European Artist at the Dawn of the Mexican Revolution : Notes on Diego Rivera
Dec. 8 is the birthday of an artist whose studies of Italian, French and Spanish paintings evolved into a mural style that is seen as distinctly Mexican.
What do we see in the 1913 painting? We have Mexican artist Adolfo Best Maugard (1891–1964) depicted as the epitome of a Parisian dandy. He radiates elegance. It even appears that the iconic ferris wheel of the Belle Époque — Grande Roue de Paris — spins on the tip of his gloved hand.
Under Maugard’s feet we see a passing locomotive.
Who painted this celebration of Paris and urbanism and progress in 1913? Diego Rivera.
Yes, that Diego Rivera (1886–1957), the most famous of Mexico’s three major muralists.
Around this time, the other two giants of 20th century Mexican murals were immersed in the dawn of their nation’s revolution. David Alfaro Siqueiros (1896–1974) had left art school to fight in the army of Venustiano Carranza during the Mexican Revolution.
By 1914, the third of Mexico’s three major muralists, José Clemente Orozco (1883–1949), was supporting Carranza by working as a satiric artist for a revolutionary newspaper. Carranza faced oppositions from rebels led by Pancho Villa and Emiliano Zapata. But Carranza secured his position as provisional president with the help of Gen. Álvaro Obregón, who defeated the forces of Villa in 1915 — but not before losing his right arm in a battle with Villa’s forces.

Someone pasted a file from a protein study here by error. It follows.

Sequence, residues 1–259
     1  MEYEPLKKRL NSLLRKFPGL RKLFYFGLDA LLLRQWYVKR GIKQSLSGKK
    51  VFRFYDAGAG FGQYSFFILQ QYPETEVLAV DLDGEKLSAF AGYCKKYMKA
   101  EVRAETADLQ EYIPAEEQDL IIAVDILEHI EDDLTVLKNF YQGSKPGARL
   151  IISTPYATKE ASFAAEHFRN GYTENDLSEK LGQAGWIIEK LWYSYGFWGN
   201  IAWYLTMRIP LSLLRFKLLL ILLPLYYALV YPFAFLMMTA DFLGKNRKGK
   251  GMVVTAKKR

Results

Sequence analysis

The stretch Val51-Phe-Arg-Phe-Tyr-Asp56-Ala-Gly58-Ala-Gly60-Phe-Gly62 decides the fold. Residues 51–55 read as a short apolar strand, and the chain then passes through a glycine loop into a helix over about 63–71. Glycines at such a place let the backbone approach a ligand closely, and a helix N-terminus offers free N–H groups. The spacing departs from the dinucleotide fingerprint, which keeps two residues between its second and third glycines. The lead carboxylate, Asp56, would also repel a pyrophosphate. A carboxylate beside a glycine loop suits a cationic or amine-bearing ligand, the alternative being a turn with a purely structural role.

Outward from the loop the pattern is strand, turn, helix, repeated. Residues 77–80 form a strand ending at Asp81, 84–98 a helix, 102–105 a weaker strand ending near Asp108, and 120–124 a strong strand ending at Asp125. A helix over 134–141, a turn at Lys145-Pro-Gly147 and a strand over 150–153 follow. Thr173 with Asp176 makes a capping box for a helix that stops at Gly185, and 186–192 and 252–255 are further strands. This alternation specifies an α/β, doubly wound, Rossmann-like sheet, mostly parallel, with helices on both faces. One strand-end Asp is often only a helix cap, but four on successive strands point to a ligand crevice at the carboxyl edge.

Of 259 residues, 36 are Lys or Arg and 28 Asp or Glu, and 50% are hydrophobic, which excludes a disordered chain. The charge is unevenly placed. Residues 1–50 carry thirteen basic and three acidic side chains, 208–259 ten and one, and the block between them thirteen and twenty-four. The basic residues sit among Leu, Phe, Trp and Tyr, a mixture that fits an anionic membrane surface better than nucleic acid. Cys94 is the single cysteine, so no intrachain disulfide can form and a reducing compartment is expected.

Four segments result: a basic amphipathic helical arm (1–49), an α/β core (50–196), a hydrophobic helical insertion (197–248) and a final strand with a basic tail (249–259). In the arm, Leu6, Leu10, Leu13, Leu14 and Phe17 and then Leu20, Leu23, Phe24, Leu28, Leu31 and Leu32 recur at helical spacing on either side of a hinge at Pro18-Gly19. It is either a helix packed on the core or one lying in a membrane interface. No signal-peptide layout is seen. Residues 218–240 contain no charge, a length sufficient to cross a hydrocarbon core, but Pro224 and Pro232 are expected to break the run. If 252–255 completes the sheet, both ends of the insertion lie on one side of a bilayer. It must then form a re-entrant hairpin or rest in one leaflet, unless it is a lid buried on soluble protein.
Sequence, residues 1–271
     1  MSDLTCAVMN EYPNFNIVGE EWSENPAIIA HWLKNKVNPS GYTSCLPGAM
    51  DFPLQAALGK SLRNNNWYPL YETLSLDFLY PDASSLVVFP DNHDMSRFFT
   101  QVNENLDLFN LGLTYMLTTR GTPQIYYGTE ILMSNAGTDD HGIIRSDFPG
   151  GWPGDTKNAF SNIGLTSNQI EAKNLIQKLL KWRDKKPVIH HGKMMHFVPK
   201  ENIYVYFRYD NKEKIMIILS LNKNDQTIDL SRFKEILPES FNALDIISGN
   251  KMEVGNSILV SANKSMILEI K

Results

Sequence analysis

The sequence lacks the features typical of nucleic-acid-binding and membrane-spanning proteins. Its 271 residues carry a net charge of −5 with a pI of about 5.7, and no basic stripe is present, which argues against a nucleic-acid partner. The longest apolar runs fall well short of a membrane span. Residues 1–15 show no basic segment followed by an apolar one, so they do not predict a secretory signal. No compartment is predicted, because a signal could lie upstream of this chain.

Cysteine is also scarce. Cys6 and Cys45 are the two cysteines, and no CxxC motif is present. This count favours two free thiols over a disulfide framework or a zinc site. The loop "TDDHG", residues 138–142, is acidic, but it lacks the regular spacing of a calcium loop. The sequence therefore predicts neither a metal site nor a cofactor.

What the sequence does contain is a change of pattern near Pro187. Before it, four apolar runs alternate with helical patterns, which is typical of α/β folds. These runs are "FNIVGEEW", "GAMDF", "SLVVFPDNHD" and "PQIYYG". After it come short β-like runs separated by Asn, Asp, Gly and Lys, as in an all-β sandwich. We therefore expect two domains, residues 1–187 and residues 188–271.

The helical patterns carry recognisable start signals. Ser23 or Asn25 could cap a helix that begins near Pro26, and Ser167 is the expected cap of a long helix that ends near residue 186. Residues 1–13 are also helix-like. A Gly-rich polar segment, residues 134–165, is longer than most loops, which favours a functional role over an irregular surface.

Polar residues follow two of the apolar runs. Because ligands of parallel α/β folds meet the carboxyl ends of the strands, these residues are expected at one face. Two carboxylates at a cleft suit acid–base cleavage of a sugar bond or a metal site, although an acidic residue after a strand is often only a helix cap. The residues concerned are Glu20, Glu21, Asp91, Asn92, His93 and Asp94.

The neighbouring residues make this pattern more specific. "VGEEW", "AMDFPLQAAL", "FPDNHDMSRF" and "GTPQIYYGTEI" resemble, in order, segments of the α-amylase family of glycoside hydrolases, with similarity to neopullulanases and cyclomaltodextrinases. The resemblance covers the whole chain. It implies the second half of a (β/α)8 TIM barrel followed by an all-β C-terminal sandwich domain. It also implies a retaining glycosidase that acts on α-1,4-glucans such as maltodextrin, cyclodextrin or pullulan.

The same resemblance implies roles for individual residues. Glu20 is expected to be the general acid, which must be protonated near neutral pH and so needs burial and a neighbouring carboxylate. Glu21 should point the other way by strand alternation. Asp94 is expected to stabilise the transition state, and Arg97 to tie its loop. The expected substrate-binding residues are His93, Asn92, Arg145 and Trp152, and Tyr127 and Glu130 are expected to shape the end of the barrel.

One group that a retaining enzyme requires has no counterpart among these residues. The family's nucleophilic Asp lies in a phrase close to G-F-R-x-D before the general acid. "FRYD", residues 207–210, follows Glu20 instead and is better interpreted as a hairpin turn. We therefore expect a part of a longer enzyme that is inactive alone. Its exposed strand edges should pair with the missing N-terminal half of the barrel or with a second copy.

And where was Rivera during these tumultuous years for Mexico? In France and Spain.
While Villa, Zapata, Carranza and Obregón fought over the future of Mexico, Rivera was immersed in a contest for his heart, fought by two Russian painters, Angelina Beloff and Marevna Vorobev.
Rivera during the 1910s soaked in European traditions and experimented with the latest techniques. He showed the same reverence for modern Paris as did his friends like French artist Robert Delaunay (1885–1941).
Rivera sampled and then plunged into the Cubist style made more famous by painters like Picasso.
Rivera painted many fine works in the Cubist style. But my favorite is “Paisaje Zapatista,” seen below.
In “Paisaje zapatista,” we see Rivera in 1915 using what he learned in Europe to tell a story of Mexico.
We see that country’s mountains. We get bits of the marvelous colors and textures of Mexican serape weaving. We see Rivera’s interest in Emiliano Zapata’s quest for a more just Mexico.
By the time Rivera painted “Paisaje zapatista,” his friend Best Maugard had returned to their home country, where he would over time become a champion for mexicanidad . This term refers to a reverence for the cultures of Mexico that predated the arrival of Europeans in the New World and that have continued to thrive.
Around 1920, the Mexican government gave Rivera a grant that allowed him to study fresco painting in Italy. By 1922, Rivera was back in Mexico. The lessons learned in Europe helped Rivera become the muralist whose work many of us know and love.
Click here for a bibliography of sources I’ve used in writing on artists of the Americas. There is an entry for Rivera. For more on Rivera’s friend, here’s an essay, Painter Who Traveled in Good Company : Thoughts on Robert Delaunay